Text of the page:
Downstream of the main reactor unit (1) there is appropriately a product workup facility (6). This is composed generally of thermal separation processes for separating the components, e.g., a distillation column (6.1) for separating the unreacted alcohol from the trialkoxysilane, and the distillation column (6.2) for separating off relatively high-boiling components, substantially the solvent. Working up is preferably carried out by way of distillation columns with a low holdup. The use and combination of thin-film evaporators, falling-film evaporators, and distillation columns for gentle workup with short residence times is a further possibility.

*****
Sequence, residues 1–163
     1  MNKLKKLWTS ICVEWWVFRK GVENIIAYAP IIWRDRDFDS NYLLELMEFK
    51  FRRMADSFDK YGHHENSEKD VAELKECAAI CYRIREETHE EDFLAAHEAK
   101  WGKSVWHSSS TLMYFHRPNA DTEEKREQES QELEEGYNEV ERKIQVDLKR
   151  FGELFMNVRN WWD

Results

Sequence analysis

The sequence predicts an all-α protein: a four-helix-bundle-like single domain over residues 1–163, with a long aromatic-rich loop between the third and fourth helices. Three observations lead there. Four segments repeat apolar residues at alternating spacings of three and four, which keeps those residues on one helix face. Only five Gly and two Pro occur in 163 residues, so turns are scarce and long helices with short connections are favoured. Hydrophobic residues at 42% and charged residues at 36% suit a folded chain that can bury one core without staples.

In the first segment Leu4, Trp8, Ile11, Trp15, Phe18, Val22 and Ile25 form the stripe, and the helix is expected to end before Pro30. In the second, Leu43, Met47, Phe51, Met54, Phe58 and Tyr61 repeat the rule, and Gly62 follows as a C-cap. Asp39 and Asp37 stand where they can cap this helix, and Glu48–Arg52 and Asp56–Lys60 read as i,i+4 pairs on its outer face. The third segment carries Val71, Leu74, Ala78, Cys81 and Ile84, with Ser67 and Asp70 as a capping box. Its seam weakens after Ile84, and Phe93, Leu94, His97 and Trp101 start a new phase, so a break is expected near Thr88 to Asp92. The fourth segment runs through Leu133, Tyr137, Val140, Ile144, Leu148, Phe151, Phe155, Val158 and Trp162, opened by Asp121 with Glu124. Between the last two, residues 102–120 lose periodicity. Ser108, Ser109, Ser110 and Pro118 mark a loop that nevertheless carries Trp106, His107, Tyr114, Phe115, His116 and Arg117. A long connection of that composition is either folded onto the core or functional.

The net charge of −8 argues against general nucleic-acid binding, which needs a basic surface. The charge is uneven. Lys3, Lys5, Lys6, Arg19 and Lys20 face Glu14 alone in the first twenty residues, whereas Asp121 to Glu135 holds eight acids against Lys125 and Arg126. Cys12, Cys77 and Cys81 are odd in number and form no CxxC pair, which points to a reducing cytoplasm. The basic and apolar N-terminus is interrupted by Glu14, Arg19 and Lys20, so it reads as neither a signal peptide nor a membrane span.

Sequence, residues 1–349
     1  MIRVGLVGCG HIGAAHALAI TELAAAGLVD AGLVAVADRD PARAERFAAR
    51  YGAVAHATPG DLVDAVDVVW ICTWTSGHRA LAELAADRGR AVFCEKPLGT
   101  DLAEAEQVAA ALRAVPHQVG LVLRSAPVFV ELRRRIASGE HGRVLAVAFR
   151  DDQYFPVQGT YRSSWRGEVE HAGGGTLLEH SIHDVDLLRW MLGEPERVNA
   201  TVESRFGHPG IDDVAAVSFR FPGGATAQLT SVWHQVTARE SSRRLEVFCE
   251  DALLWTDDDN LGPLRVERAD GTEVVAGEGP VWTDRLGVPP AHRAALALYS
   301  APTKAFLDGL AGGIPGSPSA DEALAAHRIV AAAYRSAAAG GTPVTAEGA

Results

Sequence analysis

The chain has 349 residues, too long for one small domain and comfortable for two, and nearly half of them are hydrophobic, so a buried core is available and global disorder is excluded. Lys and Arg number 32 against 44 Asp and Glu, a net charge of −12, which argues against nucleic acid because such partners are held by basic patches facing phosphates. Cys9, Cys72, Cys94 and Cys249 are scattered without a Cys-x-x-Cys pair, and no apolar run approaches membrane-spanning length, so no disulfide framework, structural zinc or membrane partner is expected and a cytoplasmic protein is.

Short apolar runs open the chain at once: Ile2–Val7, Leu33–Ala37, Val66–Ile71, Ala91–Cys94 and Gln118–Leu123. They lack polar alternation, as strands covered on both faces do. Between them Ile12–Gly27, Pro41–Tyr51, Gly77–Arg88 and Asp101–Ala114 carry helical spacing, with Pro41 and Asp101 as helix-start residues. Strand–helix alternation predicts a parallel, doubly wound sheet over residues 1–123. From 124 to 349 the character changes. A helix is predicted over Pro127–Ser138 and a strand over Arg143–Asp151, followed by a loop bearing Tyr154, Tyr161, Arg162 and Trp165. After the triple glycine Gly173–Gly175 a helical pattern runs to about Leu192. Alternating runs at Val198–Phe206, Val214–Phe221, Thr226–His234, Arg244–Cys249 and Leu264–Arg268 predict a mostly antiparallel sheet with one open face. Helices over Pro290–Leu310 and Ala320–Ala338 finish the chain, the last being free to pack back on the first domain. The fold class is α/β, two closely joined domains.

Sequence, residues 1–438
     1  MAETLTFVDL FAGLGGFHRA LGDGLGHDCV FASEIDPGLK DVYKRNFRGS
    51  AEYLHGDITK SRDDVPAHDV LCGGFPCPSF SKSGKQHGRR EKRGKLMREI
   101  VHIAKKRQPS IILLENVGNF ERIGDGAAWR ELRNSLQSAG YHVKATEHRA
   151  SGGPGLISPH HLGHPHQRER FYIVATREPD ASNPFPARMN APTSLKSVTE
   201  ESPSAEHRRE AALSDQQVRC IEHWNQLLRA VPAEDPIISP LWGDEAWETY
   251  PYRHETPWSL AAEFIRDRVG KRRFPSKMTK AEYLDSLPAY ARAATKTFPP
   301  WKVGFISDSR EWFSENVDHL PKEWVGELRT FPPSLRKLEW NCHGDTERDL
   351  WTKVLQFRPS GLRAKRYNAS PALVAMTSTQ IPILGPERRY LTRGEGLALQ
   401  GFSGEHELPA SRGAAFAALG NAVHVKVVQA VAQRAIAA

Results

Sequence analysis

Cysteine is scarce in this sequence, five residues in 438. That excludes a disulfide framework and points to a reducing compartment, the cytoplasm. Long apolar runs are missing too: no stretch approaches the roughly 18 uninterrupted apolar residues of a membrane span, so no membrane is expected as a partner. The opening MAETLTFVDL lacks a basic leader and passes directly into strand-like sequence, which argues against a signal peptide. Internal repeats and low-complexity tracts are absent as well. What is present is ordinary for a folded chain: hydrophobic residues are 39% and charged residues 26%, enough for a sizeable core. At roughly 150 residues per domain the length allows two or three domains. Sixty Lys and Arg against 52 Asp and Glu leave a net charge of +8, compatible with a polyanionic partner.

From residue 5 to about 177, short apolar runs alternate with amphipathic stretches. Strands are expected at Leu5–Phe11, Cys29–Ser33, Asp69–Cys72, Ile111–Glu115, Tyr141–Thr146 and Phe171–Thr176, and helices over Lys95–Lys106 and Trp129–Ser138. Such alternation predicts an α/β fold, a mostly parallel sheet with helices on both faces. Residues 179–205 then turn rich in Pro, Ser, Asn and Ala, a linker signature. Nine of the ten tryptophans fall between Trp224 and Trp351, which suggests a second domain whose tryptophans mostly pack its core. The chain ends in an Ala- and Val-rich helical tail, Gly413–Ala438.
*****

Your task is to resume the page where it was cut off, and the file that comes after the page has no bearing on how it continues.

Unreacted alcohol, from the product workup facility (6), for example, may be recycled to the process via the metering unit (5).
 For process control in the process of the invention it is preferred to use an online hydrogen analyzer (1.10), e.g., an online thermal conductivity detector (TCD). This analyzer is preferably connected to the vapor line of the bubble column reactor, with particular preference upstream of the condenser (1.4). It is, however, likewise possible to integrate the hydrogen analyzer into the offgas line behind the product workup facility (6).
 From the bottom product vessel (1.6), the bottom product preferably passes into a workup stage for solids separation, with particular preference a filter centrifuge or decanter. The unreacted silicon is discharged by way of the separation means (7.2) and may be passed on for further workup. The solvent and relatively high-boiling liquid components are discharged via the separation means (7.3) and may in part be recirculated via the metering means (4).